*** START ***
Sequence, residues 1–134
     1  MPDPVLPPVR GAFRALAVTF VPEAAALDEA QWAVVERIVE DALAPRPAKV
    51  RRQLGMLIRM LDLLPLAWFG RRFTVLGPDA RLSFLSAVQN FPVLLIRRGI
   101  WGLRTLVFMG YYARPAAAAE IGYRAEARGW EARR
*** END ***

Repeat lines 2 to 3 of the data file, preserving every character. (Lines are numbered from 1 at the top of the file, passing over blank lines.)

     1  MPDPVLPPVR GAFRALAVTF VPEAAALDEA QWAVVERIVE DALAPRPAKV
    51  RRQLGMLIRM LDLLPLAWFG RRFTVLGPDA RLSFLSAVQN FPVLLIRRGI